Person working with a PC Methodology

The Role of the Facilitator in an Online Session: Rules and 12 Tips

16/04/20 10 min. read

As a consequence of the coronavirus, many of us have been obliged to work remotely. This requires us to change the way we do things and how we relate and communicate with each other, while at the same time ensuring we maintain or even enhance our productivity… piece of cake, right?

The good news is that we can accelerate our remote working skills.

Online meetings also require the facilitator’s role to success

You may well have to hold meetings with many people and with different objectives:

  • idea generation,
  • creating a join plant,
  • validating or making certain decisions

Due to the importance of these objectives or perhaps now simply because we are all working remotely, these meetings require someone to act as a facilitator. It is important to assess the benefits of holding a session remotely. Consider what the deliverable is; does it need to be generated by the group? Does it allow us to ensure we follow a plan? 🤔 This does not mean we should dispense with the session, but we need to consider whether it is the best medium to achieve the purpose.

Now more than ever, we have a lot of meetings and it is important to think carefully about the benefits before launching a meeting; your colleagues will appreciate it.

You can get down to business using this index:

Multiconference with people using a PC

Preparing to be a facilitator for an online session:

Given that we are interacting in a different context with an absence of non-verbal communication, we have to bear in mind that unforeseen circumstances may arise. Whenever possible, we should have a Plan B in case something goes wrong.

We also need to take into account the situation of the participants: for example, if they are at home they may have to attend to a family member or they may not have much time available.

After taking into consideration all these factors and the objective of the session we can then begin…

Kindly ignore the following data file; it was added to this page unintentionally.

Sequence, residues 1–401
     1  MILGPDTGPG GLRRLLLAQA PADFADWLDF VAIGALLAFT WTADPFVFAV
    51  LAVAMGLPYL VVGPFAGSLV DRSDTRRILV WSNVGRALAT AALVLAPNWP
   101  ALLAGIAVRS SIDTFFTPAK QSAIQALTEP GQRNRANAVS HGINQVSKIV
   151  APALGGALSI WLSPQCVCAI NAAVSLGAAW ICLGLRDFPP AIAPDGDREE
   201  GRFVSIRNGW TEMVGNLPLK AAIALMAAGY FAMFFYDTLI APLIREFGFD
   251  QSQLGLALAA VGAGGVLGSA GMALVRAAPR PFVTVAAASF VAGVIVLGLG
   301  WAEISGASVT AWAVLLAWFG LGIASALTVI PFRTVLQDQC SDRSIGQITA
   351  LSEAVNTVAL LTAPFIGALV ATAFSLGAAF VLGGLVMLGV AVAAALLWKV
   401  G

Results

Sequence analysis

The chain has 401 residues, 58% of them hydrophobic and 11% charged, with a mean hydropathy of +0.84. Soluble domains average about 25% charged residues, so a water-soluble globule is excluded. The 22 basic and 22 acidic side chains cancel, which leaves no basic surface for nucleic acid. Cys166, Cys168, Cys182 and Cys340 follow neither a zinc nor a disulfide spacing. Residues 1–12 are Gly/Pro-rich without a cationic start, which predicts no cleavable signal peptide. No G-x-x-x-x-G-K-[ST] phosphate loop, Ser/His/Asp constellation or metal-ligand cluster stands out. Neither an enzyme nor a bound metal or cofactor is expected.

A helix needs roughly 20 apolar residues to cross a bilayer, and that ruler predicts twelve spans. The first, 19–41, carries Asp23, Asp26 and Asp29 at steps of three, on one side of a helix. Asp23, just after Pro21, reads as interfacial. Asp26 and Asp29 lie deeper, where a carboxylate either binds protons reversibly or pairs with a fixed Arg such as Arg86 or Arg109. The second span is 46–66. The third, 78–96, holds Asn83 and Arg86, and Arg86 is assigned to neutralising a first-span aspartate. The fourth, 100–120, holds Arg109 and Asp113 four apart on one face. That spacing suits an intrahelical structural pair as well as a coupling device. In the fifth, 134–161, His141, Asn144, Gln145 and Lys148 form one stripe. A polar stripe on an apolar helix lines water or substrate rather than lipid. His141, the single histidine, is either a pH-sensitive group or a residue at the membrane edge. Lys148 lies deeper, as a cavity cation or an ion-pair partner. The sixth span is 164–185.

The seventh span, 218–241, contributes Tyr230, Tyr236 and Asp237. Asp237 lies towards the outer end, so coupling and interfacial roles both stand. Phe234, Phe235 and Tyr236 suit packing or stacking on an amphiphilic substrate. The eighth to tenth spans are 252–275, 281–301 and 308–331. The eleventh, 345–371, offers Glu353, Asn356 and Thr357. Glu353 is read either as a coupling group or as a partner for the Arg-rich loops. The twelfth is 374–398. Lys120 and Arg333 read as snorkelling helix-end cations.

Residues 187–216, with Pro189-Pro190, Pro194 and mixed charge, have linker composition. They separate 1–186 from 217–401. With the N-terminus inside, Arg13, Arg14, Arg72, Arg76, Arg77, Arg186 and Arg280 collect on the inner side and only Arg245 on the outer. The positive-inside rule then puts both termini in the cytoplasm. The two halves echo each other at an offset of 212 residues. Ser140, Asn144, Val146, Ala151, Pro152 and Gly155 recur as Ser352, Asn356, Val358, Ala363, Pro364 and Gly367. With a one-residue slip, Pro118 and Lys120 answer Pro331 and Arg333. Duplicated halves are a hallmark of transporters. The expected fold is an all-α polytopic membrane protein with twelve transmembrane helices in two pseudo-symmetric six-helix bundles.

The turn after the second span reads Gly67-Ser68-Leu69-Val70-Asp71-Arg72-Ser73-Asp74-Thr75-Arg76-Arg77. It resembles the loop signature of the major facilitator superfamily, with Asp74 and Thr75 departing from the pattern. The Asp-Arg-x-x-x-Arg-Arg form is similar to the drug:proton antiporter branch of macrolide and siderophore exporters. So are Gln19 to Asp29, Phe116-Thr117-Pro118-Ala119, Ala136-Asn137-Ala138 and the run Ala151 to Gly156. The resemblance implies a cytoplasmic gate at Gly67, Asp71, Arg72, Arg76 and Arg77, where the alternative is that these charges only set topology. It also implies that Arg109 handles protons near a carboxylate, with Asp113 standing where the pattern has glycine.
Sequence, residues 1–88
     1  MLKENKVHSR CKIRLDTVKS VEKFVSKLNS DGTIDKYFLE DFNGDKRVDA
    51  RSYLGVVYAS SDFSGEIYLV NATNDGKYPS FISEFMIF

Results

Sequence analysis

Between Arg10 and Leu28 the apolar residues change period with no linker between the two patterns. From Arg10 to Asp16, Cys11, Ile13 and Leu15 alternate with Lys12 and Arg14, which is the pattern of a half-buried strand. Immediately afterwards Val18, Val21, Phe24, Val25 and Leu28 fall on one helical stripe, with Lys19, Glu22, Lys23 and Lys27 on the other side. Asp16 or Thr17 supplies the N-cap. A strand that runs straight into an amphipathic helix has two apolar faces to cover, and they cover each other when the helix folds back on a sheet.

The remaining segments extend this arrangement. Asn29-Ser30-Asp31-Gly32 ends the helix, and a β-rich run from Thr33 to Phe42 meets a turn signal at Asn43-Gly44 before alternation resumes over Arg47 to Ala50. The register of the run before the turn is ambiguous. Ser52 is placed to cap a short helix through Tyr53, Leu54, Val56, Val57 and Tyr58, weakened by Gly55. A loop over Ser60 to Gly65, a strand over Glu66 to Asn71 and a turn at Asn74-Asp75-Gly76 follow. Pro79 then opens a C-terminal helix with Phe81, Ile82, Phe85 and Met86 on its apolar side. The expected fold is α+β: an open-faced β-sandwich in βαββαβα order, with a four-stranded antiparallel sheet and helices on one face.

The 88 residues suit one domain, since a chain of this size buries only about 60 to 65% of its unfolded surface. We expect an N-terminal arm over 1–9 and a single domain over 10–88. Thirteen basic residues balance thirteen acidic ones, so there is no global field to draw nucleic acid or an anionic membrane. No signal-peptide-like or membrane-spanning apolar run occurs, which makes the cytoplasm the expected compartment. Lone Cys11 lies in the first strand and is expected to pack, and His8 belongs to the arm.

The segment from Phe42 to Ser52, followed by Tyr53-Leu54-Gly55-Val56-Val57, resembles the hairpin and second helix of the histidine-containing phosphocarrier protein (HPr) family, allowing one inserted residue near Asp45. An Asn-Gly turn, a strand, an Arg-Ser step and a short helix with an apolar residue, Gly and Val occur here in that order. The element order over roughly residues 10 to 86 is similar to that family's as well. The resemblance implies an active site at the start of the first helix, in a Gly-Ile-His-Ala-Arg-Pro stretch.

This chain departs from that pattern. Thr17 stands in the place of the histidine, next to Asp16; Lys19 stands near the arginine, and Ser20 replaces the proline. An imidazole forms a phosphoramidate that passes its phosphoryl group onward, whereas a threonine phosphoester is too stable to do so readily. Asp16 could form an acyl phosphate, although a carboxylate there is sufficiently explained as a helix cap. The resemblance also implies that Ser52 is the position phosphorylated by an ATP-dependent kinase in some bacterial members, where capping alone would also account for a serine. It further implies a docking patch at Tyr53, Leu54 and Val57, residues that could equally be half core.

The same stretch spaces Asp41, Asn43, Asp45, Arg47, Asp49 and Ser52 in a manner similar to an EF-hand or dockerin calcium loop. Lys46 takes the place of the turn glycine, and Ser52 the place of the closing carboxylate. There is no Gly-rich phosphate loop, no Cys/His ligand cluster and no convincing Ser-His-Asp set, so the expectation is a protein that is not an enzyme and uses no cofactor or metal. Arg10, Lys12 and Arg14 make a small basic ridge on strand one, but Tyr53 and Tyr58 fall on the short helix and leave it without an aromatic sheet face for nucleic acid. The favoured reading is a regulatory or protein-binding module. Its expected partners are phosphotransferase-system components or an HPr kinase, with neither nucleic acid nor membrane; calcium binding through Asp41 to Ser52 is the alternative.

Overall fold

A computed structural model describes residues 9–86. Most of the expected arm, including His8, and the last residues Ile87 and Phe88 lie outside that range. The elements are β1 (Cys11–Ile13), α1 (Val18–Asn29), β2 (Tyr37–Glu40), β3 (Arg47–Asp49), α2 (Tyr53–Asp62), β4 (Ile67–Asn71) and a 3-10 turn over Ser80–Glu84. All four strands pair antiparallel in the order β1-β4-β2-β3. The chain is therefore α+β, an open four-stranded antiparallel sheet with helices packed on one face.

Preparing the Step Outline

In the filmmaking industry, this is a list of the scenes that make up the screenplay’s story. This concept is also used by facilitators to organise a timeline of what will happen during the session. Included below is a template that will help you to design your own step outline taking into account the following level of detail: Start time, duration, task, details, responsible person.

Meeting facilitator

We start by specifying the objective / deliverables of the session, proposing the ‘why’ and ‘what for’ of the session: what needs to happen for it to be a success? Once we have reflected on these aspects with involvement of the interested parties we then have the perfect starting point.

All good step outlines have three parts:

1. Introduction:

escaleta introduccuón

Context and Agenda

All participants need to have a shared vision of the reason we are meeting: we can use this to transmit to the participants the role they have and why they are so important and necessary to achieve the objective of the session.

The agenda is used to tell everyone in the group what is going to happen. Whenever possible this should be visual in the form of an image or putting the agenda in the tool’s chat .

Rules

These are a facilitator’s greatest allies. They generate the behaviour necessary for proper functioning of the session. If anyone (not just the facilitator) identifies that the objectives are not being achieved they can express this in an automagical way. 🙂